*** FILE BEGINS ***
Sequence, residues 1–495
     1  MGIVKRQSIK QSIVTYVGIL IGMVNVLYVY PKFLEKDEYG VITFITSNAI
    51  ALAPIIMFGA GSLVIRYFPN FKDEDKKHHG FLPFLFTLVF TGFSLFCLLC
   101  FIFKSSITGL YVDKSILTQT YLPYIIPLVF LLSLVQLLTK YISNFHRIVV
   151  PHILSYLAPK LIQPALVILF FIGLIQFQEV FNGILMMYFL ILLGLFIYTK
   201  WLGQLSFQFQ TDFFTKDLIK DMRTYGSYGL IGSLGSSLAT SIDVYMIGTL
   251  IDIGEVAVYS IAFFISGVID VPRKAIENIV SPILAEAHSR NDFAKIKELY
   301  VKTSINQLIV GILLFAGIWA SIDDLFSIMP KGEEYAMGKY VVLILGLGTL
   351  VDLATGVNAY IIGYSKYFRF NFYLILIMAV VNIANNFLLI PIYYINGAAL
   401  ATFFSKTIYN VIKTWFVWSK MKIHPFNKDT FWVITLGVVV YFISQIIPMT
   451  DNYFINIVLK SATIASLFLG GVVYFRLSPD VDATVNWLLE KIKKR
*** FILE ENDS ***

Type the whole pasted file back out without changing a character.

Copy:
Sequence, residues 1–495
     1  MGIVKRQSIK QSIVTYVGIL IGMVNVLYVY PKFLEKDEYG VITFITSNAI
    51  ALAPIIMFGA GSLVIRYFPN FKDEDKKHHG FLPFLFTLVF TGFSLFCLLC
   101  FIFKSSITGL YVDKSILTQT YLPYIIPLVF LLSLVQLLTK YISNFHRIVV
   151  PHILSYLAPK LIQPALVILF FIGLIQFQEV FNGILMMYFL ILLGLFIYTK
   201  WLGQLSFQFQ TDFFTKDLIK DMRTYGSYGL IGSLGSSLAT SIDVYMIGTL
   251  IDIGEVAVYS IAFFISGVID VPRKAIENIV SPILAEAHSR NDFAKIKELY
   301  VKTSINQLIV GILLFAGIWA SIDDLFSIMP KGEEYAMGKY VVLILGLGTL
   351  VDLATGVNAY IIGYSKYFRF NFYLILIMAV VNIANNFLLI PIYYINGAAL
   401  ATFFSKTIYN VIKTWFVWSK MKIHPFNKDT FWVITLGVVV YFISQIIPMT
   451  DNYFINIVLK SATIASLFLG GVVYFRLSPD VDATVNWLLE KIKKR